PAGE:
However, when pressed by the commission chairperson, Judge Raymond Zondo, Manyi conceded that Williams may have made those remarks because she was responding in her capacity as an employee of the state, and those many not have been her personal views.

Encouraging the use of TNA

Manyi did not deny that he had advocated for the use of TNA services within GCIS.

"Almost definitely, I would have encouraged everyone I could come across because this was actually assisting in the government's approach of multiplicity of voices," he said.

He added: "Although I might not remember the specifics but it's something that, generally, I would do because I thought it's the right thing to do."

Government advertising spend

Manyi presented financial statements for the two years he was at the helm at GCIS. 

He went into great detail about how the R194m paid by GCIS to media houses in 2011/12 was split among the key players.

Manyi told the commission that the biggest chunk, nearly R69m, had been paid to the SABC while almost R18m went to Ads24. 

He said that Tiso Blackstar pocketed just over R11m, followed by TNA, who bagged around R8.7m. Etv was the recipient of a little over R8.5m.

"That's how the lay of the land was," said Manyi.

"Let us not create the impression that this newspaper [TNA] gobbled up all of government advertising. They just took what was due to them which was in proportion to their size."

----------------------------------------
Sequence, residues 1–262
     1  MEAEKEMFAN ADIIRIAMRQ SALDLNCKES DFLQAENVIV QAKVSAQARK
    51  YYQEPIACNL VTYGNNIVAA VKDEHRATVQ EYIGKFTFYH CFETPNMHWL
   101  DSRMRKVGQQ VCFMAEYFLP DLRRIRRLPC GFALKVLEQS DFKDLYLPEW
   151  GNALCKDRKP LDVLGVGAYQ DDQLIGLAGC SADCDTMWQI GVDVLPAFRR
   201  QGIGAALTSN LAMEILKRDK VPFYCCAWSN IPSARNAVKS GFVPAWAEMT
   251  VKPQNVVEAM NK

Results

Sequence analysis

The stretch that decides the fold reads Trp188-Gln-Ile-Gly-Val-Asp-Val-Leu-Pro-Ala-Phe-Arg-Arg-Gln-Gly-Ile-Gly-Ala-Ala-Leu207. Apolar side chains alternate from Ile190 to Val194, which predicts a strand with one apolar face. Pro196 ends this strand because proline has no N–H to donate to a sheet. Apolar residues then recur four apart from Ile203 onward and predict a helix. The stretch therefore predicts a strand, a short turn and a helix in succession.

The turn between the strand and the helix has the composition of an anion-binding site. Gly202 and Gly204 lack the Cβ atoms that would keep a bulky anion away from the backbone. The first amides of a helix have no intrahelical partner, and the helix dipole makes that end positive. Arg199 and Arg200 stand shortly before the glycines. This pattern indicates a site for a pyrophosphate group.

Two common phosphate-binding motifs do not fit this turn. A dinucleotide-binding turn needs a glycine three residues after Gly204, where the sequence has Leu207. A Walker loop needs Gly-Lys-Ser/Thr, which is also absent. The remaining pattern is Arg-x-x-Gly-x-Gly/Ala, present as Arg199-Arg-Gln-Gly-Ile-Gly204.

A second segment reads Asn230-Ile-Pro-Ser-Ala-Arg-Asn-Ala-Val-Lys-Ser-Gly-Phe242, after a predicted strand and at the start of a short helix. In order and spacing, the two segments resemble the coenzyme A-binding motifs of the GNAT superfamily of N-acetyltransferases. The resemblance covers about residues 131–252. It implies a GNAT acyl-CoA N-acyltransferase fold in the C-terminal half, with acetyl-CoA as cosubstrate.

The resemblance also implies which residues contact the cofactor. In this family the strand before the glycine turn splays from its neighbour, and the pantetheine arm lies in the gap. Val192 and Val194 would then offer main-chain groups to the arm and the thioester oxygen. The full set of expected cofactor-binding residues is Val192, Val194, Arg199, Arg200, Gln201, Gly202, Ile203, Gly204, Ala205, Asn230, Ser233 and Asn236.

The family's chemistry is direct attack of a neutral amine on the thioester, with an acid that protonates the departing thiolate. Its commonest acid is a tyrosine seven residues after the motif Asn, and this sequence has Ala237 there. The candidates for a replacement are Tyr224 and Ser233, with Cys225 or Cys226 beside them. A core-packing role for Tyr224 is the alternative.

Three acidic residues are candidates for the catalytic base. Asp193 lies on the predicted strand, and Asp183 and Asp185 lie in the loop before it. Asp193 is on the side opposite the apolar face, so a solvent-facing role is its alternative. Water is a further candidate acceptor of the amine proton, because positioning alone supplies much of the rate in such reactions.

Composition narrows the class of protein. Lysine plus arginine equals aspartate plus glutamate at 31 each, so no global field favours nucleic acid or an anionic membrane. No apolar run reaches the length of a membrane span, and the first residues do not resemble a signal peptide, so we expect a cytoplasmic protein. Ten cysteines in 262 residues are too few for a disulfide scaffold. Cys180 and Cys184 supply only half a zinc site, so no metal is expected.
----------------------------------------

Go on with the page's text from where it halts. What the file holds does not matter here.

"White collar corporate capture of the state"

Judge Zondo asked Manyi to share his thoughts on the liquidation of TNA.

"I think the demise of this publication was really because of its focus on what I would call 'white collar corporate capture of the state,'" replied Manyi.

He made an example of the kind of stories that TNA reported on, which "made this publication very unpopular with everybody that is part of this white collar corporate capture of the state."

"Back in May 2017, there was a project that was happening at National Treasury. That project was called IFMS, Integrated Financial Management System, which was a system meant to integrate HR, finance and all that," detailed Manyi.

He described IFMS as "a VBS cousin."

Manyi said an internal audit by the National Treasury had found "at least 54 irregularities", 49 of which were deemed to be "catastrophic." These included a lack of adequate payment procedures and the absence of budget information.

"Basically, this thing was, like, on auto pilot. No one says you're on the right track or you're on the wrong track. It's just free flow."

According to Manyi, of the R4.3bn total that would have been spent on IFMS, the audit found that at the time of its investigation, R1.7bn had already been used "with nothing to show for it."

Manyi believed these kinds of exposés had made TNA unpopular, and led to its eventual demise. 

He denied that Treasury was "unfairly targeted" and said: "We are exposing the rot that is being unearthed by an internal audit of National Treasury, not of anybody else."

Manyi is expected to wrap up his testimony on Tuesday.